IMI is the only body in the international ADR field in which several of the leading arbitration institutions (AAA, BCDR, ICC, JAMS, SIAC) are collaborating with the express intent of helping to raise professional standards and deliver greater transparency.
A collaboration arrangement was announced in March 2013 between IMI and the Corporate Counsel International Arbitration Group (CCIAG). This collaboration will enable the user share of voice in international ADR to be more heard more loudly and clearly.
A 2011 survey was recently published of the in-house dispute resolution counsel in 368 Fortune 1,000 US companies conducted by Cornell and Pepperdine Universities with CPR Institute as a follow-up to a 1997 survey conducted by Cornell. This survey looked for trends among corporate users since 1997, emerging ADR policies and practices, and u the drivers of those trends, policies and practices. There is much useful data in this survey for both arbitration and mediation. One of the most startling statistics is that there has been a significant decline in the use of arbitration in 8 out the 10 categories of dispute surveyed between 1997 and 2011.
An International Corporate Users ADR Survey was conducted by IMI between mid-January and mid-March 2013 among 76 corporate in-house dispute resolution counsel. The Survey raised a number of issues that earlier research by different organizations had not asked of corporate in-house dispute resolution counsel. The results are revealing. In summary:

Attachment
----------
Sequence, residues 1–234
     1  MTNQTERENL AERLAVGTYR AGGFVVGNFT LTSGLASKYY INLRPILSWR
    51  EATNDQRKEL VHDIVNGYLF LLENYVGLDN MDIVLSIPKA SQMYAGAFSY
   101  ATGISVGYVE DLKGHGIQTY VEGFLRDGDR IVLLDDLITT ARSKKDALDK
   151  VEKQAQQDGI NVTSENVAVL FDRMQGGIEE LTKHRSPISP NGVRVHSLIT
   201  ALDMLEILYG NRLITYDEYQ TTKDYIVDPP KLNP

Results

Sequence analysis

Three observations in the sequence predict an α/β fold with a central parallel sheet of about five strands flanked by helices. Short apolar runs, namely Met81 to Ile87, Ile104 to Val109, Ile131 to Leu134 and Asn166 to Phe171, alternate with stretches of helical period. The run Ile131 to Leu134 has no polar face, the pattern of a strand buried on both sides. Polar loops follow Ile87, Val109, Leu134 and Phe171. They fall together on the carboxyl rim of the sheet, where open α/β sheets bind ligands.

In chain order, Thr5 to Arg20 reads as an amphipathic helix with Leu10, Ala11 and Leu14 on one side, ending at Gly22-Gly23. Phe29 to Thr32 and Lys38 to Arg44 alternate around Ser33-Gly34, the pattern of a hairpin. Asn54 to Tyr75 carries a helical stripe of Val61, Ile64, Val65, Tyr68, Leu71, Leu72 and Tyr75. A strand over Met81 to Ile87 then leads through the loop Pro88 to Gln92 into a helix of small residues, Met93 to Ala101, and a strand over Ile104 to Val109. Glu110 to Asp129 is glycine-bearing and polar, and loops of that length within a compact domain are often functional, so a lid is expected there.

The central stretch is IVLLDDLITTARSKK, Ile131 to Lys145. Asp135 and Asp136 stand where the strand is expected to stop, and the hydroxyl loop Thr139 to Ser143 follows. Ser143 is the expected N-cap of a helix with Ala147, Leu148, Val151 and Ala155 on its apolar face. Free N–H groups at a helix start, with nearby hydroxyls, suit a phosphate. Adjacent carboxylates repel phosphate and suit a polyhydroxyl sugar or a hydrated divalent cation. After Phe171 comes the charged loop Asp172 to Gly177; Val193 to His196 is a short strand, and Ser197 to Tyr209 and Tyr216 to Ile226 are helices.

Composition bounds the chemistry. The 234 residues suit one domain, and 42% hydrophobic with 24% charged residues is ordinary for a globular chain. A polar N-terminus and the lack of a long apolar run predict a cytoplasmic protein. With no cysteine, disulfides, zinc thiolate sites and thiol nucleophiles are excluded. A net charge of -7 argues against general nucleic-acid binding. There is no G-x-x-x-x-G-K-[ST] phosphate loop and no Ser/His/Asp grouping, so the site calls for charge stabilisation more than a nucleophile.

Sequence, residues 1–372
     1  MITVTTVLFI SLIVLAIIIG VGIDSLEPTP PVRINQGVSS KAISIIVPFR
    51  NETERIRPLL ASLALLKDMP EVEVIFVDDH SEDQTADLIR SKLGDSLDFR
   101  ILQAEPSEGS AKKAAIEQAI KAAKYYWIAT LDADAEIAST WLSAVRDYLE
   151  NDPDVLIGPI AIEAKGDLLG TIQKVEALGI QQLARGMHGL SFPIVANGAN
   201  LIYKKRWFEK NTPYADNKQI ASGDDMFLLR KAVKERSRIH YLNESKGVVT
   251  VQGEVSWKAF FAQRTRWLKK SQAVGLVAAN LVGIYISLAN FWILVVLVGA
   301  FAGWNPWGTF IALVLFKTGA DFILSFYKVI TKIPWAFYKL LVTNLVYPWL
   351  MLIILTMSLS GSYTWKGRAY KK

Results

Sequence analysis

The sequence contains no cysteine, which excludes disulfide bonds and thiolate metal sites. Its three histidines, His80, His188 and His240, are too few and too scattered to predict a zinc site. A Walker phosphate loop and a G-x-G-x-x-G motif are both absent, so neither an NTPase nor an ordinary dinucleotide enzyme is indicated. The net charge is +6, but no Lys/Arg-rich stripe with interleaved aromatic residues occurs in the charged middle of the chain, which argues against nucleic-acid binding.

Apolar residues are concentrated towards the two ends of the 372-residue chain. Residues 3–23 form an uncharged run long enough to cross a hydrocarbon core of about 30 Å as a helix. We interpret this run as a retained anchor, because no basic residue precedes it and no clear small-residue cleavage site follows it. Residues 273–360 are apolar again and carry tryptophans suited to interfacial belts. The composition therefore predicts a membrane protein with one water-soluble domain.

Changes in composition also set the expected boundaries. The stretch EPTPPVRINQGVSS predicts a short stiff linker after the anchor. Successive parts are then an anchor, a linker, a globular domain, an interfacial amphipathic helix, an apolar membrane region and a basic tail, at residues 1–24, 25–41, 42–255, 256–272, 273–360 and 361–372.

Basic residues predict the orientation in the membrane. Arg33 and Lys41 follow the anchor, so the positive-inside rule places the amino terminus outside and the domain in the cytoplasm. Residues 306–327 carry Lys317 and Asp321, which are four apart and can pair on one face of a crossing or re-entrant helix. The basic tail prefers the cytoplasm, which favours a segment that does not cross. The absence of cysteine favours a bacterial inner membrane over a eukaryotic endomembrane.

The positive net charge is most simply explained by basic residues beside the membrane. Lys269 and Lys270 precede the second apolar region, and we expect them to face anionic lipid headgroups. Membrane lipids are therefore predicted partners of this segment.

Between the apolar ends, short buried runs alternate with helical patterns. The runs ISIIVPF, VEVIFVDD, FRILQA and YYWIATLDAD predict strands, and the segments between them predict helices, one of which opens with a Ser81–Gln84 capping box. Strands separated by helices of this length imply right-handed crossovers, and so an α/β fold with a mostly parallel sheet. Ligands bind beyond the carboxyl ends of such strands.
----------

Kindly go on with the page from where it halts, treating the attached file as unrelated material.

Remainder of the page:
1. Users want more information about both arbitrators and mediators including evidence that their competency has been independently assessed, they want them to belong to professional ADR organizations that are not service providers, and to subscribe to rigorous Codes of Practice in ADR that render them subject to disciplinary processes, as any other mainstream professionals.
2. Past experience with arbitrators and mediators is seen as vital to selection decisions – whether that experience is the user’s own, or that of their counsel, or of previous users of the neutrals under consideration in independently-prepared feedback summaries. A high proportion (76%) say they want access to the feedback of previous users of both arbitrators and mediators.
3. Arbitration providers are now expected by three quarters of in-house dispute resolution counsel to be proactively encouraging parties to mediate their disputes, and almost half go so far as to want Courts and Tribunals to make mediation a compulsory step in both litigation and arbitration.
The third and final post in this three-part series will suggest a few easy action steps that can steer ADR out of the oncoming storm.